The Idaho Caucuses - The Volunteers

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Judy Carson and Kim Didier were first-time volunteers for a political event.
  • Anne Henderson
  • Judy Carson and Kim Didier were first-time volunteers for a political event.

Judy Carson, 46, of Boise, sat near the top row of the second tier of seating in Taco Bell Arena Tuesday night with her 17-year-old daughter Emily. Judy was there not only to cast her vote for the GOP nominee at Idaho’s first-ever GOP caucuses but also to volunteer at the voting booths.

When asked why she felt it was important to be at the caucus, Carson replied she was there simply “to support the Republican Party.” Carson had signed up to volunteer after the urging of her friend, Kim Didier, 38, of Boise, who was able to rally nine other people to be volunteers at Idaho’s caucus as well.

Idaho’s first caucus was also the very first time either woman had volunteered for a political event. Carson said she brought her daughter Emily because she wanted Emily to be a part of an event that would help determine who she would have a chance to vote for November. Emily, a Centennial High School student, will turn 18 in August.

A hearty supporter of the Republican Party, Carson said she would vote for the Republican nominee no matter what. “Anyone but Obama,” she said.

However, when pressed, Carson revealed her wish to see Mitt Romney win the GOP nomination.

“I am voting for Mitt Romney because I know he is the one who can turn the economy around.”

Beyond the trust she places in what she termed his “valuable business experience,” Carson said what she really appreciates about Romney is his personal character.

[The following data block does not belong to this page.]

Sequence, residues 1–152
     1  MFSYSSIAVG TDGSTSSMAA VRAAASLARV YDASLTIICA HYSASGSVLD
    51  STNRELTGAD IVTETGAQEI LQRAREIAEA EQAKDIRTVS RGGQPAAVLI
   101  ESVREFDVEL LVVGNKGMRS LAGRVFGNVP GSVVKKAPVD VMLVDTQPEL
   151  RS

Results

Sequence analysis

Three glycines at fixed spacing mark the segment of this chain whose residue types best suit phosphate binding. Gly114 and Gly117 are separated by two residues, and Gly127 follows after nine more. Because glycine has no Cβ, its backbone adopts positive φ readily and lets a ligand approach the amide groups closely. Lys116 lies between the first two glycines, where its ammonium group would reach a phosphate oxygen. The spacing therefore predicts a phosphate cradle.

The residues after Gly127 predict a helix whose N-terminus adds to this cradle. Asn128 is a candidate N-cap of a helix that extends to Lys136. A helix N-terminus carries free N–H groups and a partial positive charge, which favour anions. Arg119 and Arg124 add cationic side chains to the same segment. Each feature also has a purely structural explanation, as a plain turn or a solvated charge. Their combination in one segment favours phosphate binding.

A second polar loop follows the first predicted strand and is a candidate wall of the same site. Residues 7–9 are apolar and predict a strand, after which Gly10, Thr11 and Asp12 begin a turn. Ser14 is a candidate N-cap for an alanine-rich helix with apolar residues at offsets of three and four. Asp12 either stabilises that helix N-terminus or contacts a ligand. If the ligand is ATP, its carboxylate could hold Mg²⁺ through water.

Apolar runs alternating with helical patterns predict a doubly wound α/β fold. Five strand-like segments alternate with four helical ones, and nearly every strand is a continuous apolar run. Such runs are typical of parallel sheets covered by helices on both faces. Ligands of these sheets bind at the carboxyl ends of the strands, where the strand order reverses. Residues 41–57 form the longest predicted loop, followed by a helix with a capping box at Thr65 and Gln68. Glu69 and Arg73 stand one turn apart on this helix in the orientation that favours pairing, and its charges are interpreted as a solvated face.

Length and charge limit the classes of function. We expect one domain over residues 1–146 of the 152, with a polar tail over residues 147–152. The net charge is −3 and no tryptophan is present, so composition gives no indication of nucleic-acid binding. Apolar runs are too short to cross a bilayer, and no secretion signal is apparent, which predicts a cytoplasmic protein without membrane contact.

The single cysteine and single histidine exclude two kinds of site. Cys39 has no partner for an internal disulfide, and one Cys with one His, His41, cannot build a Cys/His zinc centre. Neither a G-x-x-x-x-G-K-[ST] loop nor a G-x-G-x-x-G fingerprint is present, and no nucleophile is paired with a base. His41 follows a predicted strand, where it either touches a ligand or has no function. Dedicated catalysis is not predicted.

“I like his conservativeness, very moral, very good integrity … he’s a good guy.”

And although Carson said she missed Romney while he was visiting Idaho because of work obligations, she has every intention of supporting him throughout his campaign if he is chosen as the GOP nominee. And so does her friend Didier, who convinced Carson to volunteer in the first place.

While BW was speaking with Carson, Didier returned to her seat, cheeks flushed red and out of breath from running down to the Romney support tables to see if they had any more signs.

“They didn’t have any signs or stickers or anything. They were fresh out,” she exclaimed.

When asked how she would feel if Romney didn’t win the nomination, Didier replied, “I won’t be very happy about it. I’ll cry all through the voting process.”

Didier explained the importance the Idaho caucus held for her this way: “I’ve been complaining for years that people in Idaho haven’t had a say in who our presidential candidate is going to be. Every year, every four years, it’s always decided before it gets here, who it’s going to be,” she said. “And so when I heard that we had a caucus this year I just had to put my money where my mouth is and get out and volunteer and be a part of it because it was exciting to me after all of these years of not having a voice, we finally get a say so in who we want our candidate to be. So it's important.”

Didier said worries for the future of her four children have also influenced her decision to be more active in the political process, including a son serving in the Army who is currently stationed in Kuwait.

“So we have that as a concern,” she said.

Will Didier continue to volunteer if Romney wins the nomination?

“Yeah, I plan on getting involved in the campaign if I can. Absolutely.”

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